Copyright Registration

Copyright Registration

Copyright Registration

Copyright your Work

These kinds of intellectual property rights confer exclusive rights to authors or creators of an original work. Copyright is automatically protected when the work is created, and Spain, like most countries party to the Berne Convention (170+ states), do not require copyright registration or other formalities in order to enjoy protection, which means that their works can be distributed without fear of unauthorized copying or piracy acts. However, copyright registration does offer many key benefits, such as proof of authorship and ownership. Copyrights or author’s rights protect all sorts of creative, artistic and scientific works applying to literary texts, musical compositions, media broadcasts, software, websites, drawings and photography and sui generis rights for databases against unauthorised copying and of certain other uses.

Copyright is every day present in our lives; when you read a book or the newspaper, watch a film or the news on TV, listen to music, take a photo, create a website, etc. Copyright law encourages the creation of art and culture by rewarding authors with established exclusive rights.

Works Covered by Copyright

To enjoy copyright protection in Spain, a work must be original and be expressed or represented in some form. A wide range of works can be copyrighted, including, but not limited to: literary and artistic works, such as books, pamphlets and other writings; novels, poems, plays, lectures, speeches, sermons, reference works, newspapers, films, musical compositions with or without words, choreography and entertainments in dumb show;dramatic works, paintings, drawings, sculpture, advertisements, technical drawings, works of applied art; illustrations, maps, plans, sketches and three-dimensional works relative to geography, topography, architecture or science, audiovisual works, cinematographic works, projects, drawings, engraving and lithography, graphics, photographic works, computer programs (software) and databases. Spanish Copyright Law also grants related rights to performers, phonogram producers, producers of audiovisual recordings and broadcasting programs. Likewise, translations, adaptations, arrangements of music and other alterations of a literary or artistic work, which are to be protected as original works, and collections of literary or artistic works namely encyclopedias and anthologies which, by reason of the selection and arrangement of their contents, are intellectual creations, without prejudice to the copyright in the original work or to the copyright in each of the works forming part of such collections.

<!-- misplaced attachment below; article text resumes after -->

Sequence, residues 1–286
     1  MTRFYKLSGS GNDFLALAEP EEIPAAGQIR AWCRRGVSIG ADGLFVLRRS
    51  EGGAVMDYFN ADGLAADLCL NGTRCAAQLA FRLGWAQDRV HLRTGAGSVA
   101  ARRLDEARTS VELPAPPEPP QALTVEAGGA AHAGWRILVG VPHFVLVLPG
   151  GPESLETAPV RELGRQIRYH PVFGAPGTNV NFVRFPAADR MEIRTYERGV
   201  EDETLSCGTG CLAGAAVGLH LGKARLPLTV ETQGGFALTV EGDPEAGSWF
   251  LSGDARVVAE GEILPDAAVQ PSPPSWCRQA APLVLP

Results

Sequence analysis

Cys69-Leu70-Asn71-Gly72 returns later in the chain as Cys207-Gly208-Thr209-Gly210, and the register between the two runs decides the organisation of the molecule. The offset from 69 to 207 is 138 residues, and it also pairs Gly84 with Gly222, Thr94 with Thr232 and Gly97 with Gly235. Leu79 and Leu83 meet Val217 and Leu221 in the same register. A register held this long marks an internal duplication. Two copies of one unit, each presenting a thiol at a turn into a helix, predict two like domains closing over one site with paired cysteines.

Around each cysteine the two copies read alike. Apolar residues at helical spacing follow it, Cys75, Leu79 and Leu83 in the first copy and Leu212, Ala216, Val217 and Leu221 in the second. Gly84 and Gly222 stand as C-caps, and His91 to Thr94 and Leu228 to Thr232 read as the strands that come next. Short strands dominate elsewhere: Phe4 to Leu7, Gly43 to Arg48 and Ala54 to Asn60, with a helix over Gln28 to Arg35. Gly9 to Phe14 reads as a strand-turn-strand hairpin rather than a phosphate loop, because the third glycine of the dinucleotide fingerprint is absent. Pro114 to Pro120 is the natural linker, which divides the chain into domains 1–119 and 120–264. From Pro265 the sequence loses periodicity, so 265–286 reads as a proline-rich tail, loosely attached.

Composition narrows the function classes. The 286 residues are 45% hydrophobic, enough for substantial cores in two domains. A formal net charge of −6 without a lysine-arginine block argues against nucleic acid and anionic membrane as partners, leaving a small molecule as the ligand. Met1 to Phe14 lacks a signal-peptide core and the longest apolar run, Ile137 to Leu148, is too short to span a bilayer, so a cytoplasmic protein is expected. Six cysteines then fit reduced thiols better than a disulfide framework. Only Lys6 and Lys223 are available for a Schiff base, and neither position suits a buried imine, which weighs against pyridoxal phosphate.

Works Not Covered by Copyright

Ideas, information, procedures, methods of operation or mathematical concepts may be excluded: Not copyrighted. Furthermore, copyright may not be available for names, titles, slogans, or logos, depending on whether they contain or not sufficient authorship.

Copyright Regulation in Spain

In Spain, copyright is governed by the Legislative Royal Decree 1/1996 of April 12, 1996. Spain is also party to the Berne Convention for the Protection of Literary and Artistic Works. Spanish Copyright Office (RTPI). Copyright registration can be applied for at any Office within the Spanish autonomous communities, upon payment of the registration fees which may vary for each needed document to be furnished. The Spanish Copyright Office (RTPI) will act as an office of record, only checking the formal requirements of the work, such as the authorship, or owner(s), where different, depending on their working or commercial relationship, the valid notarized or legalized agreements stating this,that the work is duly represented, the type of work is classified in its category as well as the object the application. If any objection or deficiency is found providing the applicant a deadline for remedying the same. The duration of the procedure may last approximately three up to six months until the approval decision is issued. The work will be registered when the requirements of the copyright law are met and the Office will issue a registration or approval certificate. The work will be recorded and kept inaccessible to others, which would only be accessible upon request of a judge in case of any enforcement action brought to the Court.



Copyright under Spanish law usually grantsprotection to creators for their works for the whole life of the author and a term of 70 years from the death of the author to their heirs and successors.


Types of Rights

Copyright is divided in two types of rights:

  1. Moral rights. These confer the creator the right to claim authorship of a work (right of paternity) andto control the integrity of said creation, by enabling him to authorize or oppose any distortions or modifications to the work that could harm his reputation. Moral rights are always owned by the author and cannot be waived nor transferred to others.